The pandemic has left the entire world in a tizzy, relentlessly shattering societies and economies.A jaw dropping example of this happened yesterday as oil crude prices dropped to sub zero levels in US oil trading. Sellers were actually paying buyers to buy.* In these unprecedented times many large corporations and governments are still trying to put up a brave front, but a recent announcement by the IMF says that GDP per capita will shrink across the world due to the coronavirus pandemic. According to news reports of projections of the United Nations University (UNU), in the worst case scenario, 104 million more people in India could fall below the World Bank-determined poverty line. The government and central banks of countries are scrambling to put together stimulus packages, but they too are struggling due to the lack of knowledge about when and how the pandemic will end. *Kerala is a state which has done particularly well in implementing the lockdown and the government has received overwhelming support from the public too. It will be a model for other states to emulate.
As consumer habits change, demand levels have fallen to historically low levels, and the biggest challenge before the community now is to stimulate the demand to pre-covid levels.Business which can crack this code will be well placed to navigate the rough waters of the post pandemic economy. Key consumer behaviour shifts expected to emerge are price sensitivity, enhanced value expectations from brands and rewards for customer loyalty. Companies who are able to address these can expect to retain customer loyalty.
Experts across the world are now speaking about the changes that will reflect in society due to the effects of behavioural change among all sections of society. It is highly possible that there will be substantial changes in the ways we work, socialise and spend time together. Business to customer interactions and vice versa, will increasingly shift online and the preferred models of distribution for consumer services will be virtual or physical delivery at home. People will start spending less on discretionary and pleasure related purchases due to the lack of availability and also due to a change in spending habits because of the changes in society. There will be a shift towards purchases of less expensive brands of all items like cars, clothes and even food and drinks. Many of the purchase decisions will be fuelled by lack of money and buying desire, but also because manufacturers will not be able to sell their products in physical stores like they used to. Globally, we seem poised to enter a phase of a minimalist consumerism, where more and more people consume less and less.
How will this impact businesses trying to stay connected and relevant in the face of drastically changed consumer behaviour? Marketers will have to use data points to understand the consumer behaviour of different groups of customers and craft their communications accordingly. Brands and companies already engaging with consumers digitally will have a distinct advantage over others. All brands will increase focus and spending on digital media, therefore, communicators will be challenged to find innovative ways to create differentiation in their campaigns. Many companies will rejig their product and brand portfolios as they stop less profitable brands and focus on the more profitable ones.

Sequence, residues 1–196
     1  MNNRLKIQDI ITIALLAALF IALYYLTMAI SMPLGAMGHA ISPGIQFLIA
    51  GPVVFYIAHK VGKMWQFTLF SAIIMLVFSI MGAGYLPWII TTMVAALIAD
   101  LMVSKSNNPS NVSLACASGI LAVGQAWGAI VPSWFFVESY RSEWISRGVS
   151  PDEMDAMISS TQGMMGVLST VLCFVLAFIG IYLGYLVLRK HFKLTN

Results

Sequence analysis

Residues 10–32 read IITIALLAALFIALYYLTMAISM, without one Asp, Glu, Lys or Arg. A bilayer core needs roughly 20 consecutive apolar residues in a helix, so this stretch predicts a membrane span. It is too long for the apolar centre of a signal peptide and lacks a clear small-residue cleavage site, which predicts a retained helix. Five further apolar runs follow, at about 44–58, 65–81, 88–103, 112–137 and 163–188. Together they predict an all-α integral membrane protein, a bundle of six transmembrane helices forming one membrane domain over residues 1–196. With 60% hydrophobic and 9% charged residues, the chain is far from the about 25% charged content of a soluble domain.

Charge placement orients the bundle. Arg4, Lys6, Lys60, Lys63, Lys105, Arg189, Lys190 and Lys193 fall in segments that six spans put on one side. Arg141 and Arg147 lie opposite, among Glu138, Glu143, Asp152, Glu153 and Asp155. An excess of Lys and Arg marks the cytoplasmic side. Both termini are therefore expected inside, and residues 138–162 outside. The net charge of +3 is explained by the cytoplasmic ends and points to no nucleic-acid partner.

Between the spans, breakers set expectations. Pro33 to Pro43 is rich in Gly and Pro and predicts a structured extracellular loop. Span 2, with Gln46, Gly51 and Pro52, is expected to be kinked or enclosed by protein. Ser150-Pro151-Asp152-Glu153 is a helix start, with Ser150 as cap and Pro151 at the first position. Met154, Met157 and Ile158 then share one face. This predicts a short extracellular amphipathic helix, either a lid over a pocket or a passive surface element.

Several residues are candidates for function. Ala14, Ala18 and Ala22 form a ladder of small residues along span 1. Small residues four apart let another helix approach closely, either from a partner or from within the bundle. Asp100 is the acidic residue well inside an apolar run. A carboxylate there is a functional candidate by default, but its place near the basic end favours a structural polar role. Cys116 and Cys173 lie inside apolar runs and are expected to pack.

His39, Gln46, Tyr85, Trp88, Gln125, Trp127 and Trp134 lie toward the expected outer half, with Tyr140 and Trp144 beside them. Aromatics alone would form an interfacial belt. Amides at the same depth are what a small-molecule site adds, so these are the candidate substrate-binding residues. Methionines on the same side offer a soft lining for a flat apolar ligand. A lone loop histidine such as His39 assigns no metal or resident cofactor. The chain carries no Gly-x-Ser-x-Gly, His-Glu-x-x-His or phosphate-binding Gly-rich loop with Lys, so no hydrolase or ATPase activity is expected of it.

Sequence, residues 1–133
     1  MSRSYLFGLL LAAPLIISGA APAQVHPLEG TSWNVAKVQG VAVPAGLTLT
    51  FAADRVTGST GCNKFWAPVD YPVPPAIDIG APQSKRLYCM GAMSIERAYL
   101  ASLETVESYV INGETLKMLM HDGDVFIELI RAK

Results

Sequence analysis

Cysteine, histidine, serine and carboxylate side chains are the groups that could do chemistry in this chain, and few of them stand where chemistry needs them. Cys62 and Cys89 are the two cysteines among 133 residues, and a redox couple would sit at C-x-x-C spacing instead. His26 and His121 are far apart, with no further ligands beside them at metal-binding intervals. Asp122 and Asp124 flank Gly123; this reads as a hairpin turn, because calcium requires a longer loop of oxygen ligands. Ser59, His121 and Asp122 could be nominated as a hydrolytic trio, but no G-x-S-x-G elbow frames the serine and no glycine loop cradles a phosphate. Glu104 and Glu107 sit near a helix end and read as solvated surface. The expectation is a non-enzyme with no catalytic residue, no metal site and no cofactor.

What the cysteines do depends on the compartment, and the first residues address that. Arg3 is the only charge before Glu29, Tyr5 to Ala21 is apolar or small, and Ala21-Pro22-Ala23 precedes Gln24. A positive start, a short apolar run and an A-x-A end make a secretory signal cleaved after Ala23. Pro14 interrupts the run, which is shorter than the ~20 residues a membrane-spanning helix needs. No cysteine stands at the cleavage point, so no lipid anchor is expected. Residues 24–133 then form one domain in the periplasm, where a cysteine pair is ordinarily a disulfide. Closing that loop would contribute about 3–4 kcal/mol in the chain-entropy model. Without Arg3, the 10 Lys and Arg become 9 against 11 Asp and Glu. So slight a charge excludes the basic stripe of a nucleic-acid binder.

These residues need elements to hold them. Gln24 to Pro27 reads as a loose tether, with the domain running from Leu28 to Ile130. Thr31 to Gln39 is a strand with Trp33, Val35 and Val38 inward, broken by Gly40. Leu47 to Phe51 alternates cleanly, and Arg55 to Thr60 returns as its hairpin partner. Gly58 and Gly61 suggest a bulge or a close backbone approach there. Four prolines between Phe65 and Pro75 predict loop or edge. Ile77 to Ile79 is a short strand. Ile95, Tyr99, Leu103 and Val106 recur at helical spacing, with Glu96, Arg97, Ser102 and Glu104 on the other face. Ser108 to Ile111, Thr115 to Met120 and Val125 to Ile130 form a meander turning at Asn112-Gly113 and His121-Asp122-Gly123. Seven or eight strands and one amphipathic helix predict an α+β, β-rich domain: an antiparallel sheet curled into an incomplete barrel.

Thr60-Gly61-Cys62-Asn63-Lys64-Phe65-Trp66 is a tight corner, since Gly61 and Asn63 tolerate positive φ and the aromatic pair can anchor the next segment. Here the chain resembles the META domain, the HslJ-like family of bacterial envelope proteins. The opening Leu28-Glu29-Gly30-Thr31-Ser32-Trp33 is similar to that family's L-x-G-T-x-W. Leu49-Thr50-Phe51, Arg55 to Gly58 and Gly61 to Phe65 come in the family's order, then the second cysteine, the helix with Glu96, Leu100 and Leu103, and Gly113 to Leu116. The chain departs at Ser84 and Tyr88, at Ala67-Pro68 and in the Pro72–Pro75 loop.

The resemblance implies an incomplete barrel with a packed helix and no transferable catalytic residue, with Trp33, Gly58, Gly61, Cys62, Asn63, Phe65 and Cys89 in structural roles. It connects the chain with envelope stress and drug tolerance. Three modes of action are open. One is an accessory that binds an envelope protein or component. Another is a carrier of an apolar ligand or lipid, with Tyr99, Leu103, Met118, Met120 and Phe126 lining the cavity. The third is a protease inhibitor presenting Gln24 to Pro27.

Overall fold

There will be a huge need to stay connected with customers and other stakeholders and protect the brand equity that has been built up over time, especially for legacy brands. Corporate communicators and PR professionals would play a key role in this period of tumultuous change by helping keep the business legacy alive. Periodic and consistent communication with customers and crafting campaigns that help keep the brand relevant will be the key to help brands overcome the transition to the post lock down phase of the pandemic. Several brands are attempting to do this in innovative ways. Airlines and travel companies are offering health advisories on their websites and shoe brands are asking customers to use shoes to exercise at home instead of stepping out. Retail shopping stores are sharing ‘stay at home’ emails which tell customers about the various activities they can do at home to stay fit and a liquor brand is telling people what are the other things to get hooked on, like reading, meditating and music.
The coming new age of minimalist consumerism can be exemplified by the old Kishore Kumar song, “Thoda hai, thode ki zaroorat hai” says my old friend Ajay Kaul, Senior Director, Everstone Group. For all of us in business and society, the post COVID era is going to be a brave new world, full of challenges and surprises but full of potential too. After hitting the bottom, the only way to go from here is up!
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